“When we work with technology providers, we are working together to get that win-win,” says Carlos Braceras, UDoT executive director. “We have very specific goals. We have a goal of zero fatalities - so we say zero fatalities, zero crashes, zero injuries on our highway system. When I look at the future of transportation, when I look at doing things like connecting vehicles, connecting them to our infrastructure, I see this as that incredible inflection point in transportation that is going to drive us toward zero fatalities.”
To achieve this vision, Panasonic will help UDoT install intelligent sensors along selected sections of highways: 40 sites in the first phase, along with a fleet of 30 state-owned vehicles, all designed to help traffic flow more smoothly. The idea is to grow to 220 installations and up to 2,000 vehicles.
“We believe that connected vehicle technology, coupled with vehicle automation, has the potential to save lives,” says Blaine Leonard, UDoT’s transportation technology engineer. “We see the partnership with Panasonic as a significant scale-up, leveraging what we have already done to build a broader connected vehicle system to achieve improved safety and enhanced mobility.”
There are four primary components to the work, which is internally known as the ‘connected vehicle data ecosystem’ project.
1) additional deployment of roadside communication technology, based on DSRC communication;
2) deployment of technologies in fleet vehicles to extract the wealth of data provided by vehicles;
3) building a variety of Vehicle to Infrastructure (V2I) software applications to leverage the data;
4) creating a cloud-based data analytics, processing and storage system.
“From our current experience, we know that a few vehicles can generate large quantities of useful data,” says Leonard. “When we expand to hundreds, and ultimately millions, of vehicles, we know the scale of the data side of this effort is unprecedented. Panasonic will help us navigate this new opportunity.”
Leonard, co-chair of the AASHTO Connected and Automated Vehicles Committee and member of the V2I Deployment Coalition, says that the project is going to build some V2I applications, although no use cases have yet been specified. “In this initial phase, we are looking broadly across UDoT to identify needs and opportunities, and will use that information to determine which applications to build,” Leonard explains.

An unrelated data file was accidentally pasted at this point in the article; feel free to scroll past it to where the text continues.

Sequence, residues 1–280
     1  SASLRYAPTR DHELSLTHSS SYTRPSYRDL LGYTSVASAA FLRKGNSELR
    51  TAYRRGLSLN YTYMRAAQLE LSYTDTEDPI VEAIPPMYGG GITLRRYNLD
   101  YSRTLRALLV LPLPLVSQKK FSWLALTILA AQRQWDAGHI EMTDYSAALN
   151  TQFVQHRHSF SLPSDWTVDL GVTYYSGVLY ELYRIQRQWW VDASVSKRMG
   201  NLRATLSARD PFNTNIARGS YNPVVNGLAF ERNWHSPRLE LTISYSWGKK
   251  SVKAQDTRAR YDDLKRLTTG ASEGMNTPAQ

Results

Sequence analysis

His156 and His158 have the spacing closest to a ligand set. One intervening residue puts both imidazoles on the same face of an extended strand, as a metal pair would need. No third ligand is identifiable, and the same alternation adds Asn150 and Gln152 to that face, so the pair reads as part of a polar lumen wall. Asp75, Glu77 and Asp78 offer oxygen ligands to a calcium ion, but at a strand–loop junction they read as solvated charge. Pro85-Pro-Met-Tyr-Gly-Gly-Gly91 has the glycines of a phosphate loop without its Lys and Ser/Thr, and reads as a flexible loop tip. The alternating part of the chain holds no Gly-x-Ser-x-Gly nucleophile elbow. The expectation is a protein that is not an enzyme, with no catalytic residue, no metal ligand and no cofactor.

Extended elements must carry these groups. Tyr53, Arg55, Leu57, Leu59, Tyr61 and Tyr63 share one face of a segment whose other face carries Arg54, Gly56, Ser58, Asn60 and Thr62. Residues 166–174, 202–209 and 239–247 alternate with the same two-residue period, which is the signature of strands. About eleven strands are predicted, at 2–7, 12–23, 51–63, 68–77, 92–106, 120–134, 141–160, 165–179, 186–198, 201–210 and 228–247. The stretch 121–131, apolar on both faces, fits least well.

A major attraction for UDoT is Panasonic’s status as a Tier 1 automotive supplier. “Many people don’t understand their history with the automotive industry, but they are very involved in providing electronic components in automobiles,” Leonard continues. “For connected vehicle technology to be successful, it needs both the road operators and the vehicle industry to be committed and synchronised. This is a new paradigm in transportation, where these two sectors need to align - something that hasn’t really been needed in the past. We believe that Panasonic can link us to the automotive sector in this work, and bring them to the discussion.”
UDoT has no other partners in the current arrangement, but expects Panasonic to bring in some from its side of the table: the company has already been working with Colorado DoT (see ‘Rocky mountain way’, ITS International November/December 2018), as well as car makers, technology suppliers and other vendors.
The open architecture of Panasonic’s Cirrus data network means that, in theory, other DoTs as well as third-party developers will be able to coordinate with UDoT and connect their own applications to address critical operations, safety and maintenance needs on Utah’s roads.
The headline financial figure of the partnership is $50 million, but Leonard is careful to unpick the numbers, explaining that the contract with Panasonic is worth $8m for the first phase of the work. “As the project progresses and shows value, UDoT will use our normal funding processes to allocate funds to future phases,” he says. “We anticipate five phases over five years, with a potential total value of about $50 million.”